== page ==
Title:
Telecommunications cable enclosure
United States Patent 5510576


Abstract:
Transmission cable enclosure with a resiliently flexible cable sealing member within an inlet passage of a housing of the enclosure. The sealing member surrounds the cable when installed and a device is provided to apply a constant compressive force axially upon the sealing member. This constant force resiliently deforms the sealing member inwards to continuously seal against the cable irrespective of ambient temperature and pressure conditions. Also provided is a device for gripping the cable close to the sealing member to prevent axial movement of the cable at this location. The arrangement is suitable for passage of a single length or two closely positioned lengths of cable passing through the inlet passage.



Inventors:
Tenace, Michael (Ottawa, CA)
Debortoli, George (Ottawa, CA)
Application Number:
08/158539
Publication Date:
04/23/1996
Filing Date:
11/29/1993
Assignee:
Northern Telecom Limited (Montreal, CA)
Primary Class:
Other Classes:
248/56
International Classes:
H02G9/10; H02G15/013; H02G15/076; H02G15/117; (IPC1-7): H02G3/18
Field of Search:
174/65R, 174/65SS, 248/56
View Patent Images:
US Patent References:
4963698Cable sealing1990-10-16Chang et al.174/77R
2076261Electrical connecter1937-04-06Bauroth174/65SS



Foreign References:
GB2007041A1979-05-10174/65SS
Primary Examiner:
Kincaid, Kristine L.
Assistant Examiner:
Cornelison, Michael J.
Attorney, Agent or Firm:
Austin R. J.
Claims:
What is claimed is:

1. A transmission cable enclosure comprising

a housing in a wall of the enclosure, the housing formed with an inlet passage having two ends for insertion of a cable through the wall of the enclosure;

a resiliently flexible sealing member for location within the inlet passage of the housing in a position for surrounding the cable the sealing member being restrained from radially outwards deformation;

means for applying a constant compressive force in an axial direction of the inlet passage upon the sealing member to cause the sealing member to be resiliently deformed radially inwardly of the inlet passage and into sealing contact with the cable;

and means for gripping a part of the cable in a position axially spaced from the sealing member to hold the gripped part of the cable immovable relative to the housing;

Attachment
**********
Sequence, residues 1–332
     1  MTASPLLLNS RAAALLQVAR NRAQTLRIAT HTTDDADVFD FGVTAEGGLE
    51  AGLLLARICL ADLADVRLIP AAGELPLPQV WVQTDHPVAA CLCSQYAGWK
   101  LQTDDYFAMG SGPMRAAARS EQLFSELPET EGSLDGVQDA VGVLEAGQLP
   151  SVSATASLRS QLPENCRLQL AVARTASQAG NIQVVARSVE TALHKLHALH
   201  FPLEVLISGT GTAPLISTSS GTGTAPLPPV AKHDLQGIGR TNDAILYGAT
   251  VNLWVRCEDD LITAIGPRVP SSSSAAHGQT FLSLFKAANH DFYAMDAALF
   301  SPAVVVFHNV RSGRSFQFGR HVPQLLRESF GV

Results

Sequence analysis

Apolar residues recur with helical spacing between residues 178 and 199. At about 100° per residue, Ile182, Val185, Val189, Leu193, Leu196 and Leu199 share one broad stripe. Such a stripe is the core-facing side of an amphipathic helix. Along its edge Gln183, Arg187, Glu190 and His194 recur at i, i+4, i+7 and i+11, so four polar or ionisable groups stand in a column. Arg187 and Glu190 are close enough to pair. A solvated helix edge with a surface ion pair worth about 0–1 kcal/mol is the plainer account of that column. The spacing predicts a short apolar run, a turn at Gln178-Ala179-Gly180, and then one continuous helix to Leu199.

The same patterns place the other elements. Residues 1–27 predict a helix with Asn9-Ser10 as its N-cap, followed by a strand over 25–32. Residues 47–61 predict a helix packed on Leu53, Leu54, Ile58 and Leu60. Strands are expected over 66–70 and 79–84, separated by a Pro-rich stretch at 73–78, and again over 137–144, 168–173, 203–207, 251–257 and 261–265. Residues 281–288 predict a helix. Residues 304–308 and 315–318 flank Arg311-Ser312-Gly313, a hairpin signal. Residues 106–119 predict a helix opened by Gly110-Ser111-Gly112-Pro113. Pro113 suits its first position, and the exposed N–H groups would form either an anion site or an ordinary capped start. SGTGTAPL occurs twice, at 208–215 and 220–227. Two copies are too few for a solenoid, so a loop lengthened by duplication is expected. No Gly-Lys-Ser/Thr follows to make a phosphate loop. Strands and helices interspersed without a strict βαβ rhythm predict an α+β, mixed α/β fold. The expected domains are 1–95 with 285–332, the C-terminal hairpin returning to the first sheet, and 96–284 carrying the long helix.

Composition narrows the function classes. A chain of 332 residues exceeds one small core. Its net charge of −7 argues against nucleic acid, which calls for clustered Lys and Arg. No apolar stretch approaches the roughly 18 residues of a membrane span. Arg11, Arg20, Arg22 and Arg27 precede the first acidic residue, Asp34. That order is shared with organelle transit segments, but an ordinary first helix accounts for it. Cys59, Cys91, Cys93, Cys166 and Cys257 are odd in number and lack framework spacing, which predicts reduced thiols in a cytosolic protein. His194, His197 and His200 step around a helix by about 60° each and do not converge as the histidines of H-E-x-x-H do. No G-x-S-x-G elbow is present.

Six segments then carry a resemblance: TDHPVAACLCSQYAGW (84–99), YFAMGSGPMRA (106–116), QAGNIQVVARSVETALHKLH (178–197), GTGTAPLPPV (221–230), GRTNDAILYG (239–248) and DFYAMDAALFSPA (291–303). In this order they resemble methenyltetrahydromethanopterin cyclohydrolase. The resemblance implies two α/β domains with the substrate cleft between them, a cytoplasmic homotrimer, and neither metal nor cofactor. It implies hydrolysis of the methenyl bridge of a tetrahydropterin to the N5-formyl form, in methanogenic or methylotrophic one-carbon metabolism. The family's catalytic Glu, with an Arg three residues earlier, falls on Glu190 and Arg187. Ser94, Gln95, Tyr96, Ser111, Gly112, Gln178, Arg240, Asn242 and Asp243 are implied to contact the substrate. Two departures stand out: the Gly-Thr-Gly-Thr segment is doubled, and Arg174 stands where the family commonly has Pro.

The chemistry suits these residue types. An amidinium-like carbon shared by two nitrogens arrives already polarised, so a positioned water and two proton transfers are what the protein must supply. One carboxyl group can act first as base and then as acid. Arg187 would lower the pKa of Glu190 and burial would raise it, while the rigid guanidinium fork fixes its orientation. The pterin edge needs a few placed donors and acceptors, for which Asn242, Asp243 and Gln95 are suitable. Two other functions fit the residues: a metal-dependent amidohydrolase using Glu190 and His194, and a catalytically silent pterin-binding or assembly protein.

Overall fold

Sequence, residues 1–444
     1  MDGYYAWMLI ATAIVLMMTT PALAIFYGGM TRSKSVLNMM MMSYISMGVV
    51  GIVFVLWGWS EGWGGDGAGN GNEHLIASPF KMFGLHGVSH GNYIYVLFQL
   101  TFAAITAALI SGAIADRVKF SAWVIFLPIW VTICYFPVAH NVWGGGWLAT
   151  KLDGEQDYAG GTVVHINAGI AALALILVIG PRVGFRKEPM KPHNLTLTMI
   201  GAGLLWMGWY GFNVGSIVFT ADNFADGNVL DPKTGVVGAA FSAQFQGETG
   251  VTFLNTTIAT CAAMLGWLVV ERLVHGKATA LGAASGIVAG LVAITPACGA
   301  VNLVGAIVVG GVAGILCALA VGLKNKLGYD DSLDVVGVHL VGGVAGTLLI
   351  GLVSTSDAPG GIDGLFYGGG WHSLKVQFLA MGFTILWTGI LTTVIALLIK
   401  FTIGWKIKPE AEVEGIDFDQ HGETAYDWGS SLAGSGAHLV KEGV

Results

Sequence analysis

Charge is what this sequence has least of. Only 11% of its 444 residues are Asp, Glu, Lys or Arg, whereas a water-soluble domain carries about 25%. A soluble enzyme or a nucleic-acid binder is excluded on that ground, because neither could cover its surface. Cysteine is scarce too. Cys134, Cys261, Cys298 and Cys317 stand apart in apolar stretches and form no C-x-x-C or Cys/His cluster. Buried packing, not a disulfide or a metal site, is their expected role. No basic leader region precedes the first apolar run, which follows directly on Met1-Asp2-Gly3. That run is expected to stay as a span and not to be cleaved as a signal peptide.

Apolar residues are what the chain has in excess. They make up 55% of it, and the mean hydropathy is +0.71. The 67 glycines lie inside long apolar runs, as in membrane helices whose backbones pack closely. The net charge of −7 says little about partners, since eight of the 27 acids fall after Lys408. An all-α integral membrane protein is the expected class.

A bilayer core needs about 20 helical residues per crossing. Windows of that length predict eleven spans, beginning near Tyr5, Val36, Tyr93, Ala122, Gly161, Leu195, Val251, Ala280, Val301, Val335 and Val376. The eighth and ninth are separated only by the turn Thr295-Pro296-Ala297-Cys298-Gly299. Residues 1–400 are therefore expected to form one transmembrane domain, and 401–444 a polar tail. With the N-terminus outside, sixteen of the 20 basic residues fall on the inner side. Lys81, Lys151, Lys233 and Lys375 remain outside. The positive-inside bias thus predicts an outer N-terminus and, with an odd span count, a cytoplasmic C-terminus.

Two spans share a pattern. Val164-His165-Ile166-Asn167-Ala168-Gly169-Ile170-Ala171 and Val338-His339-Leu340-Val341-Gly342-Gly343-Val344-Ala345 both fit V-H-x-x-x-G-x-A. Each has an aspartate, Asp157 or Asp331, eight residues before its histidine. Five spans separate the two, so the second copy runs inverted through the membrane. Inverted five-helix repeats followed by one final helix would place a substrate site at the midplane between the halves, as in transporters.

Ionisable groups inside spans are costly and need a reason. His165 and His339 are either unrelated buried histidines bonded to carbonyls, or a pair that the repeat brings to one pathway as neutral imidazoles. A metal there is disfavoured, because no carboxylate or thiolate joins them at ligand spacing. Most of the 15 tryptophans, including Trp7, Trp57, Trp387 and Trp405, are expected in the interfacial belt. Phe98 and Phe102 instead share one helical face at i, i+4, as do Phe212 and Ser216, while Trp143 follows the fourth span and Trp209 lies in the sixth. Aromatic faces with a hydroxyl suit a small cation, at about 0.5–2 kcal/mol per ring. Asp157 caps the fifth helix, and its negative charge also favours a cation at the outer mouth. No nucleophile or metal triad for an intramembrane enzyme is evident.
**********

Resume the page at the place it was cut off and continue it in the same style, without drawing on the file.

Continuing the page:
the gripping means comprising a clamping device locatable in an operating position axially beyond one end of the inlet passage and of the sealing member and a securing means operable to hold the clamping device in its operating position.



2. An enclosure according to claim 1 wherein the sealing member is disposed axially between the clamping device and the means for applying the constant compressive force whereby the means for applying the constant compressive force is operable to compress the sealing member against the clamping device.

3. An enclosure according to claim 2 wherein the clamping device comprises at least two gripping members relatively disposable in operative positions to grip the cable between them when located through the sealing member in the inlet passage, and holding means to hold the gripping members in the operative positions, and the securing means is operable to secure the gripping members, when in the operative positions, to the housing at said one end of the inlet passage.

4. An enclosure according to claim 3 wherein the means for applying the constant compressive force comprises an apertured member locatable at the other end of the inlet passage, and means for resiliently mounting the apertured member at the other end of the inlet passage to urge the apertured member axially so as to compress the sealing member against the clamping device.

5. An enclosure according to claim 4 wherein the resilient mounting means comprises a plurality of pins extending from the housing, the apertured member slidable upon the pins, and compression springs mounted upon the pins to urge the apertured member along the pins to compress the sealing member against the clamping device.

Description:

This invention relates to telecommunications cable enclosures.

Enclosures are known for use with telecommunications cables. Such enclosures are normally used for the purpose of providing environmental protection to exposed signal transmission conductors and terminals or splices into which these conductors extend to join them in series from one cable to another. Enclosures are also used to protect connections between conductors of cables located underground and for this purpose such enclosures need to be located within manholes to which the cables extend.